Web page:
By Roy N. Freed
Communications of the ACM,
Vol. 6 No. 12, Pages 713-720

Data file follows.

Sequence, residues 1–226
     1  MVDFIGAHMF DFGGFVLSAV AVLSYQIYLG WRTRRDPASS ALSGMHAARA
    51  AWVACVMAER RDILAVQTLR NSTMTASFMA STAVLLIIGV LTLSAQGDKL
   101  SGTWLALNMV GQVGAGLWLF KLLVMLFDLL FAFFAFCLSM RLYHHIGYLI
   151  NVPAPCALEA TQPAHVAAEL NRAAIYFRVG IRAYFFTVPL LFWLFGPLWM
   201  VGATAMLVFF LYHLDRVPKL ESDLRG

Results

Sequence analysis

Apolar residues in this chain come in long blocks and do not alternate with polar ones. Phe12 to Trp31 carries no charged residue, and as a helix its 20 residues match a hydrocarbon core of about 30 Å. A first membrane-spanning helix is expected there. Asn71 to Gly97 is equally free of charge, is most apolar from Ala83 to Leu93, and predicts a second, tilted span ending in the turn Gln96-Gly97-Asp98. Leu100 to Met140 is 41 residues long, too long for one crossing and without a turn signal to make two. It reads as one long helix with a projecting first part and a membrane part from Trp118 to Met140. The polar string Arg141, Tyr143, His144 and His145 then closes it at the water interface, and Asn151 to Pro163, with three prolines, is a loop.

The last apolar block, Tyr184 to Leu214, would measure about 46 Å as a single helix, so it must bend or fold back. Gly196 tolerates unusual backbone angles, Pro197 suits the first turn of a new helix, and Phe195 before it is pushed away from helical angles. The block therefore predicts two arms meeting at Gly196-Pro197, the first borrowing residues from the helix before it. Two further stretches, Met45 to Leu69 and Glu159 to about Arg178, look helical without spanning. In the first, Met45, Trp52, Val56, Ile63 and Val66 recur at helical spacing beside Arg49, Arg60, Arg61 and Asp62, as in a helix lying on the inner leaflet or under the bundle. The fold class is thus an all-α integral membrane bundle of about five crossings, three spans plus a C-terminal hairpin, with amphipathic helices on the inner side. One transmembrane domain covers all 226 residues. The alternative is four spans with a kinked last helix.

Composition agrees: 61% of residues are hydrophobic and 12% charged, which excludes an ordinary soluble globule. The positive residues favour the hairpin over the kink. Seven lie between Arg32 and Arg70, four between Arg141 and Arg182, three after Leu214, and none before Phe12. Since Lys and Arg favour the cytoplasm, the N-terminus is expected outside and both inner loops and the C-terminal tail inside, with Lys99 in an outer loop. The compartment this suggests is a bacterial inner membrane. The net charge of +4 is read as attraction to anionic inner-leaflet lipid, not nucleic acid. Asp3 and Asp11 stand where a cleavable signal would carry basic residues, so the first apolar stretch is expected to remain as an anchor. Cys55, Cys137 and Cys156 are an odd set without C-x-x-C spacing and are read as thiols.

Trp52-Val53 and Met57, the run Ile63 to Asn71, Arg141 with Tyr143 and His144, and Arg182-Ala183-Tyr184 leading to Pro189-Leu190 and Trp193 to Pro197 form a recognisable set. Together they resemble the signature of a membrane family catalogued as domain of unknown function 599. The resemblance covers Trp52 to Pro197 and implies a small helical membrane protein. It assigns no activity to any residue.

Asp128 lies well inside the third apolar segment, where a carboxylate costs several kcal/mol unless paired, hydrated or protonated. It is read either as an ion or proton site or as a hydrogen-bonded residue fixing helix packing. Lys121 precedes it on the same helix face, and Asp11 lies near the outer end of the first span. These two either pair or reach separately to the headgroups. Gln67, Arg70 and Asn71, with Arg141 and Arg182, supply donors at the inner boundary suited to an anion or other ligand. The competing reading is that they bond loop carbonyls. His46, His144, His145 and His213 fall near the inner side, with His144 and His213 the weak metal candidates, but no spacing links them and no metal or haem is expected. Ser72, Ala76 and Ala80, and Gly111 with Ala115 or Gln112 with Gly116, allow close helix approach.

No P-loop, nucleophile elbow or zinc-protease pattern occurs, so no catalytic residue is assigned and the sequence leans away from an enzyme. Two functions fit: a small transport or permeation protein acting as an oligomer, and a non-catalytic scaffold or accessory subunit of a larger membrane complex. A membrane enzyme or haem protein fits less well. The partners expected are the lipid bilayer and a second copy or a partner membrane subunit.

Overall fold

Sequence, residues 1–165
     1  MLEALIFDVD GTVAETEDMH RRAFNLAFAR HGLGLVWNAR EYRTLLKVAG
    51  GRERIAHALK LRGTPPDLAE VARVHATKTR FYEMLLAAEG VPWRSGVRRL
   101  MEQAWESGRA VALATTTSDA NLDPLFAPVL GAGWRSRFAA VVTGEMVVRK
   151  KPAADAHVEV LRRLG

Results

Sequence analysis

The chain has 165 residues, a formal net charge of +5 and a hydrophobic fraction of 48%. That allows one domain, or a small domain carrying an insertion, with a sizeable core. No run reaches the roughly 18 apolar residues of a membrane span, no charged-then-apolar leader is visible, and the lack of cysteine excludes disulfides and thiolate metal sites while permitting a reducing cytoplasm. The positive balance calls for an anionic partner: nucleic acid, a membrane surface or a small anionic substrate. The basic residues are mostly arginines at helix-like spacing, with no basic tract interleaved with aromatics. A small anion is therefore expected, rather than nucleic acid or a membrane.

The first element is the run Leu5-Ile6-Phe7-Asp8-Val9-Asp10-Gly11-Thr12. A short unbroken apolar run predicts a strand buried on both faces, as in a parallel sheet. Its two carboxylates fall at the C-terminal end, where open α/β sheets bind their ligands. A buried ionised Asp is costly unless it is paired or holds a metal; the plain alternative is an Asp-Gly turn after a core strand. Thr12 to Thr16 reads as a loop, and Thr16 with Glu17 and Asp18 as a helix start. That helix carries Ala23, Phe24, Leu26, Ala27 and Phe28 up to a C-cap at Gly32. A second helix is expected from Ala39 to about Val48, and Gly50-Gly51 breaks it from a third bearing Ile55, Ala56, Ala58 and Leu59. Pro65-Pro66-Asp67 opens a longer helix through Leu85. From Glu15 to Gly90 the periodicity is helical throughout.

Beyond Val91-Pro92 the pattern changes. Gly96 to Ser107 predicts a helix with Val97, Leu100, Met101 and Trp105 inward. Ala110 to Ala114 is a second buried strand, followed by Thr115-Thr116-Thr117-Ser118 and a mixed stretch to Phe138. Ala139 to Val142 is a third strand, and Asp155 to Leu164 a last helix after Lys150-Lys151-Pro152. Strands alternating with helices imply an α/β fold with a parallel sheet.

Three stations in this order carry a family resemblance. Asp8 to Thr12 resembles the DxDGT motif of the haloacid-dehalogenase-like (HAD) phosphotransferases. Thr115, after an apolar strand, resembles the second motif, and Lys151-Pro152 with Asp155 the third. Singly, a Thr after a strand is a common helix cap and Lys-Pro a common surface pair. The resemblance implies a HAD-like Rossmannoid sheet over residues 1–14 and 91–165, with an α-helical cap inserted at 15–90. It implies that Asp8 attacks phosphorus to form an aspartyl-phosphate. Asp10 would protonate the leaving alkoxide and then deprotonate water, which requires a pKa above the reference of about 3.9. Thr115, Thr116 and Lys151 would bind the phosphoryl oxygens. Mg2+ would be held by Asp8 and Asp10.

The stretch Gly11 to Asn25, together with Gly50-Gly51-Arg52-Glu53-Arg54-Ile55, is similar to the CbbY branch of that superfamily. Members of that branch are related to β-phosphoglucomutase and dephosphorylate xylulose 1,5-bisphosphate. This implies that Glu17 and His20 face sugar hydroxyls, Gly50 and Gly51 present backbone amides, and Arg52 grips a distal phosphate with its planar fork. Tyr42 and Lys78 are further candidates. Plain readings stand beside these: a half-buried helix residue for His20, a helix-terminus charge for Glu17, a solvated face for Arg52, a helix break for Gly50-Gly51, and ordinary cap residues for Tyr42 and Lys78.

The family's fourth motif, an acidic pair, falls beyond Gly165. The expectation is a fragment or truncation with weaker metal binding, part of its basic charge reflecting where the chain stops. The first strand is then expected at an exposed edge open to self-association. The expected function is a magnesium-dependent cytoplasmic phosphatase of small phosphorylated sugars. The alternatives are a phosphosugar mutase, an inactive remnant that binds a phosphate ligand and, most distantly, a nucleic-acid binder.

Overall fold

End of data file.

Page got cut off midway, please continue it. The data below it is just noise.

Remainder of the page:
The introduction of computers into the banking business has a wide variety of legal implications that merit careful attention at this very early stage. The industry is highly regulated by government and, hence, is subject to many statutes and regulations. It also is affected by important common law rules established by courts. The legal ramifications involve not only the mechanization itself, but also the very significant, economically attractive phenomenon of off premises processing. It is essential to identify and provide for many legal aspects right now, before systems and practices crystallize, in order to avoid the later impact of unanticipated physical complications and expense.The legal aspects of computerization in the banking business are especially diverse. In some states, there might be the basic question whether banks are authorized by law to invest in the new facilities, either directly or through cooperatives. More challenging are questions relating to off-premises processors, particularly with respect to the obligation not to disclose information concerning a bank's customers, the adequacy of fidelity bond coverage, the extent of liability for improper refusal to pay a check, and susceptibility to regulation by government agencies. Also pertinent is the propriety of data processing by banks for nonbank entities and particularly of the rendering of that service without charge for bank depositors.
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